To say that Michael Caine deserves an Oscar for his performance in this film is to give the Oscar too much credit. Caine deserves to have other actors fall silent whenever he enters a room and nod respectfully in his direction, resuming their own conversations only after he’s passed by. Playing an Old Age Pensioner in a crime-ridden housing estate (a British housing project) who finally goes Death Wish on the thugs who torment him, Caine brings a world of talent and a lifetime of experience to creating a character of wholeness and humanity. He’s amazing.
A round of applause also for Sean Harris, who plays a drug addicted dealer in the film’s best set piece. I’ve heard Harris’s performance here described as over-the-top. That’s the voice of elite inexperience talking. It’s an absolutely exact depiction of evil: not moustache-twirling glee but a kind of walking death. It’s a wonderful performance as well.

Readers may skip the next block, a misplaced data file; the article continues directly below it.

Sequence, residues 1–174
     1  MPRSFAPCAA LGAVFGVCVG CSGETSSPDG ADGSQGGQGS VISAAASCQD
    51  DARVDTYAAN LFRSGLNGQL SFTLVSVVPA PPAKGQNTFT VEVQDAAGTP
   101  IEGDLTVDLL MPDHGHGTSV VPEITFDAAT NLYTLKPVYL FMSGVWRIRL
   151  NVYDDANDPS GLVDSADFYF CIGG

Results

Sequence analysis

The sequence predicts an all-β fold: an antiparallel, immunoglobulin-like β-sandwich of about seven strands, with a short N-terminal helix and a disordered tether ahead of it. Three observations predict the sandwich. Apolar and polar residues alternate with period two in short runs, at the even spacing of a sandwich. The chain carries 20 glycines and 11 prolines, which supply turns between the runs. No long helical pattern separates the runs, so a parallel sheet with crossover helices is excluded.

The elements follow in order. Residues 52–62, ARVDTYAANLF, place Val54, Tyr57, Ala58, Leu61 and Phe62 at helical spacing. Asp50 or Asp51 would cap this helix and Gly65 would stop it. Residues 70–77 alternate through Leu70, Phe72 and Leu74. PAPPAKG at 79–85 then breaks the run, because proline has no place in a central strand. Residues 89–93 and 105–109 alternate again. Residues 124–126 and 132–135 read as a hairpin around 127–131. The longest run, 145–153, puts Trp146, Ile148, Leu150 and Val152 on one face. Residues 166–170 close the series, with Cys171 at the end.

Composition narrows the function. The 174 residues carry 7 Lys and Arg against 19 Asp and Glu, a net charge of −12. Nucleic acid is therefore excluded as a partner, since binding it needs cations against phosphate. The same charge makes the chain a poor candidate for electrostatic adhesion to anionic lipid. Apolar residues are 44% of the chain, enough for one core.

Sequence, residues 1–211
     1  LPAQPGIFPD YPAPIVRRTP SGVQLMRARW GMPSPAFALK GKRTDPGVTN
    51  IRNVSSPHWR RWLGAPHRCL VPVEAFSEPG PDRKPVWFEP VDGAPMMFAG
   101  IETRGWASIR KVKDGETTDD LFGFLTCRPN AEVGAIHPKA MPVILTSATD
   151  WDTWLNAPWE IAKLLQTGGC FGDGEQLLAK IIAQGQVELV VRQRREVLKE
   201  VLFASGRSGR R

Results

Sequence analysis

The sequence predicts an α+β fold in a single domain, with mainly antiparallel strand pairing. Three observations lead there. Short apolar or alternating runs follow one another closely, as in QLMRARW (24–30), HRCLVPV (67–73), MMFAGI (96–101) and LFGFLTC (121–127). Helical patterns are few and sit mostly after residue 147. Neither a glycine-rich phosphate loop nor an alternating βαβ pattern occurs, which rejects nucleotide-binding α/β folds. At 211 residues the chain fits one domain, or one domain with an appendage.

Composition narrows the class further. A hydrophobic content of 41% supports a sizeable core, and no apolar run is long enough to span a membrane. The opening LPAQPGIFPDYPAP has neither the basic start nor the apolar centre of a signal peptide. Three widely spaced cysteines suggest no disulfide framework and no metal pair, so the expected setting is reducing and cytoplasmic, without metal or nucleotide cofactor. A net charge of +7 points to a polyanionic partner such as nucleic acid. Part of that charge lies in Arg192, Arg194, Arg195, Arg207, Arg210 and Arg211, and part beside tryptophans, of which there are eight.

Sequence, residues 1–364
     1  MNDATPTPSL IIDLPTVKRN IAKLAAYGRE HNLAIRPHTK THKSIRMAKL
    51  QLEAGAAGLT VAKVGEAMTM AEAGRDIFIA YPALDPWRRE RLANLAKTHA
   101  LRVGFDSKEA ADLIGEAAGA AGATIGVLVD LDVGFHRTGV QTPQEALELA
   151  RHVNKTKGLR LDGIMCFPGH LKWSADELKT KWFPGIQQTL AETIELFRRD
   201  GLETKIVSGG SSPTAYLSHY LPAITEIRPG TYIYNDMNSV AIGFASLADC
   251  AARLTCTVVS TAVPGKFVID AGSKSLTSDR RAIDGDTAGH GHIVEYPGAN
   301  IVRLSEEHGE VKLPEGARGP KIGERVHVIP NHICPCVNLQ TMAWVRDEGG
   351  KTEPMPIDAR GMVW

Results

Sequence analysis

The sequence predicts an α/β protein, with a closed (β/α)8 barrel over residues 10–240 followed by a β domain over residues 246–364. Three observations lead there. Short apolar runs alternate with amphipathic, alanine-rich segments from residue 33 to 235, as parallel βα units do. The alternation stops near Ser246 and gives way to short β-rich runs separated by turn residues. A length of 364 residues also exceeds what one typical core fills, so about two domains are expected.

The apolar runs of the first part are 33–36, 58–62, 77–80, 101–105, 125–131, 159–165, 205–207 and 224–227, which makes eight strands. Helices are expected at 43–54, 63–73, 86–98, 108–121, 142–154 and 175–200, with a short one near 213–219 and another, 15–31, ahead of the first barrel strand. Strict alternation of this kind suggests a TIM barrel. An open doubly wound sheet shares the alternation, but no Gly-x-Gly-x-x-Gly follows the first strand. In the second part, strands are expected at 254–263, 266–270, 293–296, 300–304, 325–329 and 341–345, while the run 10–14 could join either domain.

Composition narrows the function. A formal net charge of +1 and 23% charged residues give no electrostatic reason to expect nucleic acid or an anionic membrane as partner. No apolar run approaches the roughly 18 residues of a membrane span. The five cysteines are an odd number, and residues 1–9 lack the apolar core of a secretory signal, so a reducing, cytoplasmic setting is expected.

As for the film itself, I recommend it with this caveat. Almost all British filmmakers confuse “depressing” with “worthy.” The first half hour of this picture is crushingly sad and unpleasant. Once the shooting starts, it becomes a real movie, but until then, it’s a genuine bring-down. That said, I found it worth it for Caine’s performance, for Harris’s and also for the movie’s moral outlook, which is clear-eyed and uncompromising. Plus there’s Emily Mortimer, whom I find incredibly appealing. But just so you know, it’s an unhappy half hour to start. After that, good stuff.